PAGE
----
A judge ruled that Kentucky will not be allowed to seize the domain names used to gamble and play poker online there. The Commonwealth was attempting to seize the domain names of 141 companies by using a law that allows it to seize devices used to facilitate gambling.
“We are humbled by this decision and by the overwhelming support received from Internet businesses and free speech organizations everywhere,” said Jeff Ifrah, an attorney acting as part of a team representing the Interactive Gaming Council. “The Court of Appeals has now corrected a fundamental misunderstanding by the trial judge in this proceeding of the nature of the Internet and the legality of online poker in Kentucky.”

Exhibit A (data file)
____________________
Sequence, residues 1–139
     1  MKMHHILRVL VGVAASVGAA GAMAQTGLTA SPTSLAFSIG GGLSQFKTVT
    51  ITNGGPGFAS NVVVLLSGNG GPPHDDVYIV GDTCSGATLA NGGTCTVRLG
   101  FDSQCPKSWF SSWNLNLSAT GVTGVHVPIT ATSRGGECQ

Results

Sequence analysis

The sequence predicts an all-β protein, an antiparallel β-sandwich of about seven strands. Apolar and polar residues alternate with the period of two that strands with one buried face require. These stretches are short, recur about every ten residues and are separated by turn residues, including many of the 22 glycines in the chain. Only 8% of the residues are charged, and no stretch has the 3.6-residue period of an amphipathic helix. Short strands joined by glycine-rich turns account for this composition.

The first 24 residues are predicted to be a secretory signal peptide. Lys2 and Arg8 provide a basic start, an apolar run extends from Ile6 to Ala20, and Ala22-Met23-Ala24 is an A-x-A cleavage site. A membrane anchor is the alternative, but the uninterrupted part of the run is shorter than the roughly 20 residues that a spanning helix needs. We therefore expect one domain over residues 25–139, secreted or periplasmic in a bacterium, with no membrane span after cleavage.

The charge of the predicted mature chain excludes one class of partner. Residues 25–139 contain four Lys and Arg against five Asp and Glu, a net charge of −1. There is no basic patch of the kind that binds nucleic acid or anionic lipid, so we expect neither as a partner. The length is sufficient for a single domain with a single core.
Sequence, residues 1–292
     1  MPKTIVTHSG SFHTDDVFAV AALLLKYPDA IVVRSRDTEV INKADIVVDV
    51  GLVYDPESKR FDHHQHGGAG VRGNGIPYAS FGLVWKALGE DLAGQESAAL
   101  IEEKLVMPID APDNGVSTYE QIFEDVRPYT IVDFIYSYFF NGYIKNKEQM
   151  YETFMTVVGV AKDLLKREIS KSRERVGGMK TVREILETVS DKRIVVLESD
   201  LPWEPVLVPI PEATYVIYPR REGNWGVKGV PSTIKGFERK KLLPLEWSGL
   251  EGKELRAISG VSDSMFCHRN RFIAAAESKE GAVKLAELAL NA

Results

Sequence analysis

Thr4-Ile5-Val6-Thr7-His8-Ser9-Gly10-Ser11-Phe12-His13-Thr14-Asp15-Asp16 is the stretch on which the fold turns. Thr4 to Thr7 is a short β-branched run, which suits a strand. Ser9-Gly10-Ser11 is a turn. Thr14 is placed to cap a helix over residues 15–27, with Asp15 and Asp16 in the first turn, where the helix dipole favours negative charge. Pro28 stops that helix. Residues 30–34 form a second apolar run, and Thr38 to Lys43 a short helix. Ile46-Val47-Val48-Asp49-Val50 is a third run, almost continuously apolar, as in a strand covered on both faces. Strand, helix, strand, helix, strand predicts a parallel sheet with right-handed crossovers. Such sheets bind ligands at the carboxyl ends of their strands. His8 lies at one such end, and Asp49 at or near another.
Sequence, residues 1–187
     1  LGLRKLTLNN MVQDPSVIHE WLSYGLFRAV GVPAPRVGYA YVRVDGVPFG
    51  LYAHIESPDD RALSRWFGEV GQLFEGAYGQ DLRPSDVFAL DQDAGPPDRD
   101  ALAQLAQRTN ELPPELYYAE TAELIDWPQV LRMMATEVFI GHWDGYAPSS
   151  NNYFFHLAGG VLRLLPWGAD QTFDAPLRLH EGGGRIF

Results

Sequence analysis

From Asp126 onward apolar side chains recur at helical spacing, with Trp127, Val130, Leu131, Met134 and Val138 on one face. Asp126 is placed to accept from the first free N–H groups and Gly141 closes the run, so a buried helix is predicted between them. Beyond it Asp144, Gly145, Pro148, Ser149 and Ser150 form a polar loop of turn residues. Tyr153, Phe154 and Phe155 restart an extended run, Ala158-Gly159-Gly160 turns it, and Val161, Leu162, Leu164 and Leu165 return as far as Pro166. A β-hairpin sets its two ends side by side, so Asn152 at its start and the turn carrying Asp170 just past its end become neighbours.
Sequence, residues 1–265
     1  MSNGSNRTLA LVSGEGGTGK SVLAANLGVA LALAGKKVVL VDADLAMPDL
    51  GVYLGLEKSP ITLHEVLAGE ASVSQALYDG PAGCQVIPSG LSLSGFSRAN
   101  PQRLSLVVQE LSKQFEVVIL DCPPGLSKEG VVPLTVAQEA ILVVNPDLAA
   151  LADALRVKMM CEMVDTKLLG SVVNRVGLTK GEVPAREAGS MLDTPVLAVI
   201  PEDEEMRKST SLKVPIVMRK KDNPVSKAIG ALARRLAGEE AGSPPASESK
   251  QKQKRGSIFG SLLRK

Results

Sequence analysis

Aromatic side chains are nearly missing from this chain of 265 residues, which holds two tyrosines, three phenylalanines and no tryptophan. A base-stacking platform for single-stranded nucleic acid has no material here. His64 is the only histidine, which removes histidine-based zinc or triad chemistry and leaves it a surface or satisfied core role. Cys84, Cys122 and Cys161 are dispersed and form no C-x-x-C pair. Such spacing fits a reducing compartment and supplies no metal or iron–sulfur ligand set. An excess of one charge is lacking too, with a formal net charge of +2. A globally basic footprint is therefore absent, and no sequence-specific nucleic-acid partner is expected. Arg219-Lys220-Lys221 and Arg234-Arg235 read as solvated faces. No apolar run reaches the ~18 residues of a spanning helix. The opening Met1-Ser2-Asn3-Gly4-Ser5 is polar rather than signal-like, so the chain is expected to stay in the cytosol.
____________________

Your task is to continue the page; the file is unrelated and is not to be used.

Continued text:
The Court of Appeals did not weigh in on whether Kentucky has jurisdiction to seize the domain names located outside its border. However, it did rule that the domain names are not “gambling devices,” as defined by the law.
This ruling overturns a September ruling by Judge Thomas Wingate, who signed the forfeiture petition as requested by Kentucky officials. The forfeiture hearing was scheduled to take place the first week of December, but was delayed until the Court of Appeals ruled.
The ruling affects all of the sites that were targeted, including Tokwiro’s UltimateBet and Absolute Poker, which decided to succumb to the judge’s pressure and geo-block Kentuckians from accessing its sites in December.